Reducing land degradation and carbon loss from Ethiopia's soil to strengthen livelihoods and resilience (RALENTIR)
Land and soil degradation is a major problem in Ethiopia as in many countries in Sub-Saharan Africa. Restoring degraded common lands through the establishment of "exclosure" areas where traditional community access is restricted is common in Ethiopia. Both degradation and measures to restore land are inherently unequally distributed in time and space. Hence, aspects of justice and equity need to be taken into account for soil restoration measures to be sustainable in the long run. The project will develop and apply frameworks for the analysis of equity within the case study areas to design specific interventions. Through a range of participatory, communication, and survey methods the project will explore - the impact of the interventions on the participants in terms of their attitudes, changes in behaviour, livelihoods etc - the influence of process characteristics, power relationships and communication practices on people's responses to these interventions - what worked/what didn't, how it compared to expectations - the impact of the changing knowledge and experience of the interventions on wider attitudes and community preferences for local natural resource governance.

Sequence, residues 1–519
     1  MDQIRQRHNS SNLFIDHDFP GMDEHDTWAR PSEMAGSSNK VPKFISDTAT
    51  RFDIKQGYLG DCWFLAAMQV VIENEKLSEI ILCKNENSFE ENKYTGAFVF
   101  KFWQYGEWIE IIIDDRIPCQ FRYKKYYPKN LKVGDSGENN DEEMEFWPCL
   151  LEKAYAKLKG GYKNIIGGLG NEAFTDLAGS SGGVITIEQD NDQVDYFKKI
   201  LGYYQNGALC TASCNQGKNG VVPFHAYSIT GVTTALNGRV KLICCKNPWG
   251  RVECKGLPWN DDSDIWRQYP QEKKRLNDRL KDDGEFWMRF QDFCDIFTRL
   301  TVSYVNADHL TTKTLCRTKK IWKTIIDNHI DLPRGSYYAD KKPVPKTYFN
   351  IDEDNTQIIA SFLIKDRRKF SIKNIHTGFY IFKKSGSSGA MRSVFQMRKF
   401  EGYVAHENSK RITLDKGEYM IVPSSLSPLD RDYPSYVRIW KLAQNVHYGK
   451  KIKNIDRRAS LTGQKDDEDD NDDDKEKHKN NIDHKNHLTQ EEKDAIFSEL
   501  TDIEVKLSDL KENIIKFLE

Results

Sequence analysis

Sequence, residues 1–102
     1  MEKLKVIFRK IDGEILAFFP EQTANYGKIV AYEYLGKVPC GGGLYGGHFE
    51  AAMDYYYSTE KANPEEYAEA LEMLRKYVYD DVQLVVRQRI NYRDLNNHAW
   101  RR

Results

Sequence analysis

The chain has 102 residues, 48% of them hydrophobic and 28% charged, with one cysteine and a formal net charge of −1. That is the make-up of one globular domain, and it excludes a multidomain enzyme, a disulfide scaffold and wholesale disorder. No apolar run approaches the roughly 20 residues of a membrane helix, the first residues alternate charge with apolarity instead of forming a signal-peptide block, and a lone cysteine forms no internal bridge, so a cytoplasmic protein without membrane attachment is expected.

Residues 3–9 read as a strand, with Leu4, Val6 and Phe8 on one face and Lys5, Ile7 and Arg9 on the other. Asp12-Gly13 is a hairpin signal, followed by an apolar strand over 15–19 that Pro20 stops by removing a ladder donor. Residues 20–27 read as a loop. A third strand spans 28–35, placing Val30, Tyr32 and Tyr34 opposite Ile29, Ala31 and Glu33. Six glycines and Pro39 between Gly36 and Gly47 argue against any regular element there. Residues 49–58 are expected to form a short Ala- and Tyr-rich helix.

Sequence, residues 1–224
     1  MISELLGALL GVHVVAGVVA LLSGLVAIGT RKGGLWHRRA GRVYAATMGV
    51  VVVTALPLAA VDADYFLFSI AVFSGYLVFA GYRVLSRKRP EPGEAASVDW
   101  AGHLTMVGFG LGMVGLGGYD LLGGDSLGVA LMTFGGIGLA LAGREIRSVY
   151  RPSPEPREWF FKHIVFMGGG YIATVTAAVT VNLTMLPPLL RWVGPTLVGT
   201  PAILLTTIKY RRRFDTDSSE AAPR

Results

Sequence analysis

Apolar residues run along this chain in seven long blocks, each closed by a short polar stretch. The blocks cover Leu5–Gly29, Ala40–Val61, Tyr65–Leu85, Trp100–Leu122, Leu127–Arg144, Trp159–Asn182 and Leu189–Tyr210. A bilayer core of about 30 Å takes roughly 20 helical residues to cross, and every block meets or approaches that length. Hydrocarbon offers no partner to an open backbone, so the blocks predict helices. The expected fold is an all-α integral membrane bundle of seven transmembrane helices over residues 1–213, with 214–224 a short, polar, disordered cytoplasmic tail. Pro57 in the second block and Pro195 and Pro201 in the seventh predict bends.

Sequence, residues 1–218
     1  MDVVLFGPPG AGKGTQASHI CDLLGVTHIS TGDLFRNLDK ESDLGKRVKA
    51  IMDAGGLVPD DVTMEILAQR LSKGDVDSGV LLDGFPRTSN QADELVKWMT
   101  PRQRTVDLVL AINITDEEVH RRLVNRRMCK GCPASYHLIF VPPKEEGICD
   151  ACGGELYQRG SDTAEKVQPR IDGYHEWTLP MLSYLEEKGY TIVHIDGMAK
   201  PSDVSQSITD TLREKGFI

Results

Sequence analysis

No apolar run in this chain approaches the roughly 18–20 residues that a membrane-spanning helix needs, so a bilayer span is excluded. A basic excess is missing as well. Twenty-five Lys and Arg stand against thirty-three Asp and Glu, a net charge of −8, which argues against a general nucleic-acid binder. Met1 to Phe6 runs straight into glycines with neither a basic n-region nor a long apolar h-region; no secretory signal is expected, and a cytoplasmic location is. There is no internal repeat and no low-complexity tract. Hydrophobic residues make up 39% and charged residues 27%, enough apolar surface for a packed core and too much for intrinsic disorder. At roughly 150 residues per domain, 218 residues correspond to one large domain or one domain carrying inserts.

HERU researchers involved in this research project: Verity Watson
External collaborators: Phimister, E. (Business School, University of Aberdeen); Smith, J.U., Hallett, P. (Institute of Biological and Environmental Science, University of Aberdeen); Mekuria, W., Haile, A., Tekle, A. (Nile Basin & East Africa Office, International Water Management Institute); Ameda, T.T., Lemma Argaw, T. (Hawassa University); Byg, A. (James Hutton Institute); Edo., G. (Southern Agricultural Research Institute); Fischer, A. (Swedish University of Agricultural Science); Allan, J. (Health Psychology, University of Aberdeen) and Scott, T. (University of Melbourne).